Kerik got rich on stun-gun stock

Ex-N.Y. police chief is Bush nominee for homeland security post

The Nation

December 10, 2004|By NEW YORK TIMES NEWS SERVICE

WASHINGTON - Just five years ago, Bernard B. Kerik was facing lawsuits from a condominium association and bank over delinquent payments owed on a modest New Jersey condo he owned. Today, he is a multimillionaire, the result of a lucrative partnership with former New York Mayor Rudolph W. Giuliani and an even more profitable relationship with a stun-gun manufacturer.

If he is confirmed to the post of homeland security secretary for which he was nominated by President Bush last week, he will oversee an enormous department that does business with some of the companies that helped make him wealthy. He now lives in a large house in the upscale New Jersey town of Franklin Lakes and drives a BMW sedan.

The list of income sources that transformed the former New York City police commissioner into a wealthy man is a diverse one. But it is the relationship Kerik has had since the spring of 2002 with Taser International, a Scottsdale, Ariz.-based manufacturer of stun guns, that has by far been the biggest source of his newfound wealth, earning him more than $6.2 million in pre-tax profits through stock options he was granted and then sold, mostly in the past month.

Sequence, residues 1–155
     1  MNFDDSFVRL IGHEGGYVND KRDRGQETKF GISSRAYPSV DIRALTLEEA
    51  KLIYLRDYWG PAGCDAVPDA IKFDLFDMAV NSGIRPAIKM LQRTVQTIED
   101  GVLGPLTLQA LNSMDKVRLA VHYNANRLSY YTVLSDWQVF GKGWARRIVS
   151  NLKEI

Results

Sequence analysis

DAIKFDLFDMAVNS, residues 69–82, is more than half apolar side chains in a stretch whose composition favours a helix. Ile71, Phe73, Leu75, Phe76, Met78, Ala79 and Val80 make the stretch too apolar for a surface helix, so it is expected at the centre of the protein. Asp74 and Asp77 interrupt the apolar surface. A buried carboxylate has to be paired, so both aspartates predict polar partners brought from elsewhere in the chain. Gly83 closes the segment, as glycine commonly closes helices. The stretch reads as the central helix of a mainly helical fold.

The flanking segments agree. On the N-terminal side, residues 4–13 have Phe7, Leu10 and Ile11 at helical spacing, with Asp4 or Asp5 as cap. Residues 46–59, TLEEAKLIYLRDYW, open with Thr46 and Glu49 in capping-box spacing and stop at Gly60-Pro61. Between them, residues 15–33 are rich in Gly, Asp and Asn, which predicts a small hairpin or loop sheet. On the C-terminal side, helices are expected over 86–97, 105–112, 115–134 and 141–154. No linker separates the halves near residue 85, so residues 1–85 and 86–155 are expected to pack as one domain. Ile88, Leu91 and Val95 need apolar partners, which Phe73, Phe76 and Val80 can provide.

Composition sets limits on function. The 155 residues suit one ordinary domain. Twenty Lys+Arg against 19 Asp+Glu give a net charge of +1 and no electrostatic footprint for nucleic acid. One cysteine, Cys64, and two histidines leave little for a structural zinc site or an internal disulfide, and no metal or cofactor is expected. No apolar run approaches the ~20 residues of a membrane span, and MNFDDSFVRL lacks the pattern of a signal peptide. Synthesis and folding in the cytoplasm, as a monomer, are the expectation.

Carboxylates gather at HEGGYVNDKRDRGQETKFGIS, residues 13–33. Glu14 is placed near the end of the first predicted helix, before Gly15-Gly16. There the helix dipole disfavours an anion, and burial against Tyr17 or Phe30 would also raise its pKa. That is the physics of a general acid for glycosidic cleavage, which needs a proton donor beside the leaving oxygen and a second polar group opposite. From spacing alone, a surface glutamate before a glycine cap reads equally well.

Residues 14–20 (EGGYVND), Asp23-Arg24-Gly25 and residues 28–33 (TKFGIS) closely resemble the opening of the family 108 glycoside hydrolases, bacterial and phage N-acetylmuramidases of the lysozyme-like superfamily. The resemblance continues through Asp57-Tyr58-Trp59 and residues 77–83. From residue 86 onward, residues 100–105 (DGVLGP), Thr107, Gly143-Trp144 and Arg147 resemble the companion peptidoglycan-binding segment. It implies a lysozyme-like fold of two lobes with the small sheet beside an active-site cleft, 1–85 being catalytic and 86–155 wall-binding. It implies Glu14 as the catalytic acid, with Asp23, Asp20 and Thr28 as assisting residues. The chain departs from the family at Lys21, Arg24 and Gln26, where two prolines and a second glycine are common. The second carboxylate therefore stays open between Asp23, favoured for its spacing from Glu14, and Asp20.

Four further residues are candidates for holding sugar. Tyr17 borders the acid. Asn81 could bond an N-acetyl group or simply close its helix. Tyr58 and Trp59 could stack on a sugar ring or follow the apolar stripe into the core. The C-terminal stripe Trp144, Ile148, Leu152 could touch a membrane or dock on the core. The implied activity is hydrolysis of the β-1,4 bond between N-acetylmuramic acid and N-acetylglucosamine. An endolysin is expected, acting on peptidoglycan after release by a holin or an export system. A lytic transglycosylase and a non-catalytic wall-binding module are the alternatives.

Kerik benefited largely because the company has enjoyed an extraordinary surge in its stock. Stock options that were worth very little at the time became extremely valuable, in part because of the sales pitch that Kerik made on the company's behalf to other police departments.

The sales driving Taser's growing profits come mostly from local and state governments. But while Kerik has served on the company's board, it has made an aggressive push to enter markets either regulated or controlled by the federal government, most notably the Department of Homeland Security. A White House spokesman said Kerik would resign from the board and sell his remaining stock if confirmed.

"Anyone in a federal law enforcement position is a potential customer," said Thomas Smith, president and co-founder of Taser International, who said he hired Kerik because of his prominence as New York's police commissioner. "And we are going to continue to go after that business."

Kerik declined, through a spokeswoman, to discuss his work for Taser.

He has defended the stun guns against criticism that their use has contributed to the deaths of suspects who have been fired upon by police.

Baltimore Sun Articles
|
|
|
Please note the green-lined linked article text has been applied commercially without any involvement from our newsroom editors, reporters or any other editorial staff.